New Delhi: In what should augur well for the budget session beginning on Tuesday, an all-party meeting on Monday reached a consensus on the need to allow Parliament to function smoothly.

It signals a rethink by political parties, who have allowed their differences and the resulting disruptions to cause a washout of the previous two sessions.

However, a clarification issued by the Congress hours after the meeting cast a cloud over the prospects of Parliament passing the long-pending constitutional amendment bill to allow the rollout of a goods and services tax (GST) and the real estate bill.

Opposition leaders, particularly from the Congress, made it clear that they will not allow the passage of any “contentious" bills in the first half of the session—except those on which there is a consensus.

“Contentious bills should not be brought. Bring only those bills on which there is a general agreement. Bills like GST will not come in the first half of the session," Mallikarjun Kharge, leader of the Congress in the Lok Sabha told the Press Trust of India.

Asked if the GST bill can be passed in the second half of the session, he evaded a direct reply, saying a view will be taken then.

The first half of the session is from 23 February to 16 March. After a recess (17 March-24 April), it will resume on 25 April and continue until 17 May.

Even though senior leaders of the Bharatiya Janata Party (BJP) blame the Congress for disrupting Rajya Sabha, some leaders of the National Democratic Alliance (NDA) leaders argue that the government must also restrain its own MPs.

“It is true that the Congress is not allowing the Rajya Sabha to function, but it also the responsibility of the government to control its MPs to create a conducive atmosphere both inside and outside Parliament for it to function," said a senior NDA leader who was part of the all-party meeting called by parliamentary affairs minister M. Venkaiah Naidu.

During the meeting, the opposition, especially Congress and Left parties, sought parliamentary discussions on a range of topics, including recent incidents at the Jawaharlal Nehru University (JNU); the suicide by Hyderabad Central University student Rohith Vemula; demands for reservation; terror attacks in Jammu and Kashmir and Punjab; the government’s failure to pass on the benefits of the fall in crude oil prices to the common man; unemployment; the arrest of Tamil fishermen by Sri Lankan forces; and implementation of the Andhra Pradesh Reorganization Act.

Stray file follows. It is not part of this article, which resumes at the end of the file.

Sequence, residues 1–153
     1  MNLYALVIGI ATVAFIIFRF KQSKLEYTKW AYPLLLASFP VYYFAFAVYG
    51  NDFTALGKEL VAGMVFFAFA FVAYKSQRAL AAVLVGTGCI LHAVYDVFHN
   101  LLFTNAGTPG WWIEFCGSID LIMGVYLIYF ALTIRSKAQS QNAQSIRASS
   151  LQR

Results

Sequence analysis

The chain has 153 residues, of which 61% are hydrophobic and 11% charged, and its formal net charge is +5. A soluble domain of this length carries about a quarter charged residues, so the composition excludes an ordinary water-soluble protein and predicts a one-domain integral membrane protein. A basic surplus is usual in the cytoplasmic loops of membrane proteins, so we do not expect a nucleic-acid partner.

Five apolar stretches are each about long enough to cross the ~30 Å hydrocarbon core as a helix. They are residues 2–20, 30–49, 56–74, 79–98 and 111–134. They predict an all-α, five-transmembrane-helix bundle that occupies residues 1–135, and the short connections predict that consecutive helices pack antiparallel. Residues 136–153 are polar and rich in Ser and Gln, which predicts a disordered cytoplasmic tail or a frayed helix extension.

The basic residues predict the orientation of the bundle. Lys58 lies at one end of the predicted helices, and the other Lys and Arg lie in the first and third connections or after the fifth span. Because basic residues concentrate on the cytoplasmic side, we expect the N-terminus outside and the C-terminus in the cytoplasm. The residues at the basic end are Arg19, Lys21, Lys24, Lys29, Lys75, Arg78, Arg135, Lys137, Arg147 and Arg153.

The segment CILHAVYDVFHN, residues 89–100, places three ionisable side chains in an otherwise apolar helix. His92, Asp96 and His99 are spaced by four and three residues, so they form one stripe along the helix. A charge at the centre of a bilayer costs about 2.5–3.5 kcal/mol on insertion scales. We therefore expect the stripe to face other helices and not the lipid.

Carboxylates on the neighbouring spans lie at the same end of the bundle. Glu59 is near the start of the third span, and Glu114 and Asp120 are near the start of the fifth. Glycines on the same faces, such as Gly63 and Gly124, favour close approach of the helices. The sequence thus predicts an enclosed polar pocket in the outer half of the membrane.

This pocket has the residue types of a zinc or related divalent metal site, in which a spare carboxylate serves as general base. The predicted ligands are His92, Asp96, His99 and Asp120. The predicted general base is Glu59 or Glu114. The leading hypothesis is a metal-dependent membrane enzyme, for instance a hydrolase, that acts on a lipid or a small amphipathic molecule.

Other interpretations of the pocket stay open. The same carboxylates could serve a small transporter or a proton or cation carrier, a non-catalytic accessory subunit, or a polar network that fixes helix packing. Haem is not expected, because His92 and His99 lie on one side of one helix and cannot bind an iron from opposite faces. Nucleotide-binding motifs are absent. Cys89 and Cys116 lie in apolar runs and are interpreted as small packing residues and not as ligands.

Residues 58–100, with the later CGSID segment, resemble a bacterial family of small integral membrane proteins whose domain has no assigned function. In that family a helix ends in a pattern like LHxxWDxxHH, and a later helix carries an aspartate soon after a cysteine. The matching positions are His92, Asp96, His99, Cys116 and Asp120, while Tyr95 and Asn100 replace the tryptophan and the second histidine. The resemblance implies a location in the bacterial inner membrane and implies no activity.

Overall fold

“Parliament is the forum for expression of collective wisdom of the country and showing the way forward in the larger interest of the nation. The government is committed to upholding the Constitution in letter and spirit and firmly believes in peace, unity and integration of the nation as the key operational principles for delivering on the development promised to the people. The government would enable discussion on all issues," said Naidu.

The meeting was attended by leaders of 26 political parties.

Apart from the Congress and Left parties, a number of others want a discussion on the events in JNU, where the president of the students’ union has been arrested for sedition, and Vemula’s suicide. These parties are the Samajwadi Party (SP), Bahujan Samaj Party, Rashtriya Janata Dal, Janata Dal (United)and Biju Janata Dal.

The government is facing further problems because its alliance partner, the Telugu Desam Party (TDP), feels that police action against JNU students was not justified and that it should have been left to the university authorities to act against erring students accused of raising “anti-national" slogans during a protest march on 9 February. However, senior TDP leaders want action to be taken against those who raised the slogans.

Ghulam Nabi Azad, leader of the opposition in the Rajya Sabha, blamed the government for the legislative standstill of the previous two sessions.

“The government is setting the agenda for Parliament’s disruption even before its session has begun. We have seen this agenda of BJP for the last three-four sessions. The government creates a situation in the country that is responsible for disruption," said Sitaram Yechury, general secretary of the Communist Party of India (Marxist). He said the government should set aside time to discuss all the issues.

“If the government does not earmark time for these, there will be disruptions," he said.

During a meeting of the Congress Working Committee on Monday evening, party president Sonia Gandhi criticized the government, saying, “Democratic and liberal values are under severe assault. The freedom to think and speak is being drastically curtailed. Parliament meets tomorrow. Contrary to what the government has been saying, let me once and for all make it absolutely clear—we want Parliament to function, to legislate. The problem is not with us, it is with the government."

SP national secretary Rajesh Dixit said: “SP is willing to support the functioning of the house. The issue of having a debate on the JNU and Hyderabad University controversy was raised and our party is in favour of debating these issues when the session starts. At the same time, we proposed that in the Rajya Sabha, members of all states should identify and addr-ess their respective problems."

“If the government really wants to keep up with the legislative agenda then it will have to cool political tempers outside the Parliament. The politics outside will keep heating up so long as ministers and party leaders keep making controversial comments," said Abhay Kumar Dubey, a New Delhi-based political analyst associated with the Centre for the Study of Developing Societies. “Even if these issues are brought up for discussion, it will not lead to anything other than both the sides accusing each other. I think this session too will not be a productive one, at least the first half."

PTI and Meenal Thakur of Mint contributed to this story.